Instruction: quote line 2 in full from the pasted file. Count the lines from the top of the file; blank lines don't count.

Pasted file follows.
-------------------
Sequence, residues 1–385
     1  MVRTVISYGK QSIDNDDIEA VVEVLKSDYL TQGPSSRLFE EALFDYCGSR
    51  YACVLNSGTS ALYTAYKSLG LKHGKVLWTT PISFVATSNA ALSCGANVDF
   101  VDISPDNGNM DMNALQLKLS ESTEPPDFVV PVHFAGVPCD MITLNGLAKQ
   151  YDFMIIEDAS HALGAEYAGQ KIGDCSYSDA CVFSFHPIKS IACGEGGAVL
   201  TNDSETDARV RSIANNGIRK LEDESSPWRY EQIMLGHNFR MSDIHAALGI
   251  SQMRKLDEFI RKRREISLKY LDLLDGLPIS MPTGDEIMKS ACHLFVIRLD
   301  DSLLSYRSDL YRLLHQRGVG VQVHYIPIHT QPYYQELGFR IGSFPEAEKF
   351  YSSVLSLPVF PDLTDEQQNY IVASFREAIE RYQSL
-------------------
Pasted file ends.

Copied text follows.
     1  MVRTVISYGK QSIDNDDIEA VVEVLKSDYL TQGPSSRLFE EALFDYCGSR